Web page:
Philippines Eyes Swedish JAS 39 Gripen for Air Force Modernization

JAS 39 Gripen
March 5, 2024 Topic: Security Region: Asia Blog Brand: The Buzz Tags: JAS 39Jas 39 GripenGripenSwedenChinaF-16

Philippines Eyes Swedish JAS 39 Gripen for Air Force Modernization

The Philippine Air Force is considering the Swedish JAS 39 Gripen as its next multirole jet fighter, moving away from previous plans to acquire F-16 Fighting Falcons

 

Summary: The Philippine Air Force is considering the Swedish JAS 39 Gripen as its next multirole jet fighter, moving away from previous plans to acquire F-16 Fighting Falcons. This potential acquisition follows the retirement of the Philippines' F-5 fleet and the procurement of FA-50 light attack aircraft. Meanwhile, Saab, the Gripen's manufacturer, has seen interest from the Czech Republic to extend the lease of its Gripen squadron. The Gripen, designed for various military operations including interception and ground attack, has been in service since 1997. With over three decades of operational history, it's positioned as a versatile and cost-effective option for modern air forces.

JAS 39 Gripen: The Next Choice for the Philippine Air Force?

Last month, the Philippine Air Force expressed renewed interest in the Swedish-made JAS 39 Gripen multirole jet fighters. Stockholm and Manila are expected to conclude the deal at a meeting expected for later this month. The Philippines had retired its fleet of aging Northrop F-5 fighters in 2005, and in 2013 signed a deal with the Korea Aerospace Industries to receive a dozen FA-50 light attack aircraft.

 

While the Philippines had previously sought to acquire around a dozen F-16 Fighting Falcons, Sweden proposed the sale of the JAS 39 Gripen instead – and it now appears that the Gripen could be the chosen warbird for the Maritime Southeast Asian nation.

It has already been a good year for Saab, the maker of the JAS 39, as this month the Czech Republic also announced that it will seek to modernize the fourteen Gripens now in service with the Czech Air Force. The fighters were leased from Sweden in 2005, and while its term expires in 2027, Prague is negotiating with Stockholm to extend the lease of the squadron until 2035 – when the Central European nation receives its F-35 Lightning II fighters as part of a deal from last September.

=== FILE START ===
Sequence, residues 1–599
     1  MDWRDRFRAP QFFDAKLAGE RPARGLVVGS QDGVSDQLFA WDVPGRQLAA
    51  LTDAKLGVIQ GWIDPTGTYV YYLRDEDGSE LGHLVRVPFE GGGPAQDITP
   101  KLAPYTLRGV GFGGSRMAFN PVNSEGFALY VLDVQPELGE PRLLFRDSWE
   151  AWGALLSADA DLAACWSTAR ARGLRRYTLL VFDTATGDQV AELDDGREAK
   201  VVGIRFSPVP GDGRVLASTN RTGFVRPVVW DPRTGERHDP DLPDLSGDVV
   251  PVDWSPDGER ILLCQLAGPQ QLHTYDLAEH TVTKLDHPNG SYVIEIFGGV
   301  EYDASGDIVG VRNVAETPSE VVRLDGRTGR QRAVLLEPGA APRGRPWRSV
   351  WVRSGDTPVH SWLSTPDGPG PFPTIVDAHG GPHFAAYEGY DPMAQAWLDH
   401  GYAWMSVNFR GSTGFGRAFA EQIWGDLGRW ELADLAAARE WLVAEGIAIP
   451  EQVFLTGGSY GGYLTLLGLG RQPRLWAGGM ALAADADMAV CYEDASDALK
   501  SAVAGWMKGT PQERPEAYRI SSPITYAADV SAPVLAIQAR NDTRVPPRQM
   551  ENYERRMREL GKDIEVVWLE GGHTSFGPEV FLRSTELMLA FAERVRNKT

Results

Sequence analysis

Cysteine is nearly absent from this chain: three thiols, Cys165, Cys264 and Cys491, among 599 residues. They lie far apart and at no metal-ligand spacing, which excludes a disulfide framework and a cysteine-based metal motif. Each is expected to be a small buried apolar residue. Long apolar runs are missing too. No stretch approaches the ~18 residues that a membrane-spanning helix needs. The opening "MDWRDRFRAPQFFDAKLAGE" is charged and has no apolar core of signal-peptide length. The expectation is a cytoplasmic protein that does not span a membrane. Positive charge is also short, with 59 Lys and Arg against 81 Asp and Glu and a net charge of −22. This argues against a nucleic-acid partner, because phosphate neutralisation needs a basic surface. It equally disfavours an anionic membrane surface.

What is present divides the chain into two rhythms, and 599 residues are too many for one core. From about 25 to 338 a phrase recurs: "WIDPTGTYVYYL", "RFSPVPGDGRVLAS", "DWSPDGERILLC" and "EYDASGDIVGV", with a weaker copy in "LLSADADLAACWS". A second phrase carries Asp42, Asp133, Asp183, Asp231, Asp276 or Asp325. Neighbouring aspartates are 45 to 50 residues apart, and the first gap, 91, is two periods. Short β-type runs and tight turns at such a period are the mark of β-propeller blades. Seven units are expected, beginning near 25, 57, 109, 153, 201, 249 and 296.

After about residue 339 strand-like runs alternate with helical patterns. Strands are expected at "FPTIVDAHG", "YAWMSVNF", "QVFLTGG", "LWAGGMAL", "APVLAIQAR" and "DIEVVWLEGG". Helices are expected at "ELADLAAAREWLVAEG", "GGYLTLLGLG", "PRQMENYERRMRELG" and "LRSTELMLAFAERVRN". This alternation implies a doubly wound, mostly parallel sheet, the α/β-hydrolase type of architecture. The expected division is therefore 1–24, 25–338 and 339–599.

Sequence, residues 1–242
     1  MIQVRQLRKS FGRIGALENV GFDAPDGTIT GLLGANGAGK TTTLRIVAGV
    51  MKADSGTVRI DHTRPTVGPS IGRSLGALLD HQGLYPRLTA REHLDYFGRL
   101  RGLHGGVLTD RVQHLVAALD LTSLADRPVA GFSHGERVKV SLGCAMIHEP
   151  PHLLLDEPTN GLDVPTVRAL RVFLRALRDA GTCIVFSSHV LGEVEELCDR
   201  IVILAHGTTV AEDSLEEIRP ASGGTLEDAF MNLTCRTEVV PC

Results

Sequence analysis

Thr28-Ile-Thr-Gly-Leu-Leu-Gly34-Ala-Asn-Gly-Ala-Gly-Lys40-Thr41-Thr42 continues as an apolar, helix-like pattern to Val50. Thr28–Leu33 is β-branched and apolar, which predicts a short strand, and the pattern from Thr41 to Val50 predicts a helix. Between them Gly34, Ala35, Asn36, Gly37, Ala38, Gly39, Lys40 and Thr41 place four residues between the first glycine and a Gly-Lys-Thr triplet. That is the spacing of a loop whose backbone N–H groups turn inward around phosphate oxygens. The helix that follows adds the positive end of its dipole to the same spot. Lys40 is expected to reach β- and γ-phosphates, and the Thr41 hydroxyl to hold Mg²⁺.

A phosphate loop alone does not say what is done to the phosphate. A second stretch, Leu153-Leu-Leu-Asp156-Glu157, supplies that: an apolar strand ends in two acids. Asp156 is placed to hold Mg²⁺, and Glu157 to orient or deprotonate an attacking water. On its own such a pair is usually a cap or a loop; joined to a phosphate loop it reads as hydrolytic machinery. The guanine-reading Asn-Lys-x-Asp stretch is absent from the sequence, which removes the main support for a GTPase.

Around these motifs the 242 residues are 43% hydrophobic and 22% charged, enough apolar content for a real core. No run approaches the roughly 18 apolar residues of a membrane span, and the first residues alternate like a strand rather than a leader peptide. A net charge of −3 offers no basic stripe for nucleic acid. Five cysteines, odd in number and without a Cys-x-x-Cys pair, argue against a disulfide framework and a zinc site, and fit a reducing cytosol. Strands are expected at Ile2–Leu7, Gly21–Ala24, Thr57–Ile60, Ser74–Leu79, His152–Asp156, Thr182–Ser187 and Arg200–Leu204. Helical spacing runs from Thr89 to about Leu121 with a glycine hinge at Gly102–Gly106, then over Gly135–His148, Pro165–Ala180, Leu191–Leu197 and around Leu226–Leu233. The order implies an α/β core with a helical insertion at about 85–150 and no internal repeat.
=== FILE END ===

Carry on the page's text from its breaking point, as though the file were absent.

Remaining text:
JAS 39 Gripen in the Crosshairs

The Gripen is the first true Swedish multirole combat aircraft. In addition to being rugged enough to operate from little more than a remote road, it is capable of conducting interception, ground attack, and reconnaissance. Though it is a mature program, having taken its first flight more than three decades ago, the aircraft remains highly capable and very agile.

It also important to note that the JAS 39 was developed at the end of the Cold War to confront Soviet aircraft, and thus would be an ideal warbird for Ukraine to employ in its war against Russia. The aircraft was initially designed to replace the variants of the Saab 35 Viggen and Saab 37 Draken combat aircraft. Development of what would become the Gripen began in the late 1970s as part of a joint effort by an industrial consortium that consisted of Saab, Saab Microwave Systems (formerly Ericsson), Volvo Aero Corporation, Saab Avitronics, and FFV Aerotech.

The government in Stockholm sought an aircraft that could be capable of fighter, attack, and recon missions. After evaluating a number of existing foreign aircraft including the American F-16 and F-18 fighters, the Swedish Parliament decided in June 1982 to move forward with a domestic project.

The Mach 2 delta wing and canard fighter jet is fitted with two trailing-edge drooping "elevons" to improve short-field performance and maneuverability. It is powered by a Volvo turbofan engine with an afterburner. It has a range of up to 3,200 km (2,000 miles), and can fly at an altitude of 15,240 meters (50,000 feet). It is reported to have a lower cost per flight hour than many other aircraft.

The Gripen made its maiden flight in December 1988, and it entered operational service with the Swedish Air Force in 1997. A total of 204 aircraft in three batches had been ordered by Swedish Air Forces, which to date has taken delivery of 74 aircraft.

The single-engine, multirole-combat aircraft was designed with a single pilot, but the B and D versions were also developed featuring a longer canopy for a crew of two. It is presently offered in two modern variants: C- and E-series, yet even those require some updates, and last month it was announced that the Gripen C-series would enter an "upgrade process" that could see those models remain in service until at least 2035.

As of 2016, a total of only 158 Gripens were produced and well over half are in service with the Swedish Air Force, with the rest having been exported around the globe. Current operators include Brazil, the Czech Republic, Hungary, South Africa, and Thailand, while the United Kingdom's Empire Test Pilots' School also operates Gripens in a training capacity.

Author Experience and Expertise: Peter Suciu

Peter Suciu is a Michigan-based writer. He has contributed to more than four dozen magazines, newspapers, and websites with over 3,200 published pieces over a twenty-year career in journalism. He regularly writes about military hardware, firearms history, cybersecurity, politics, and international affairs. Peter is also a Contributing Writer for Forbes and Clearance Jobs. You can follow him on Twitter: @PeterSuciu. You can email the author: [email protected].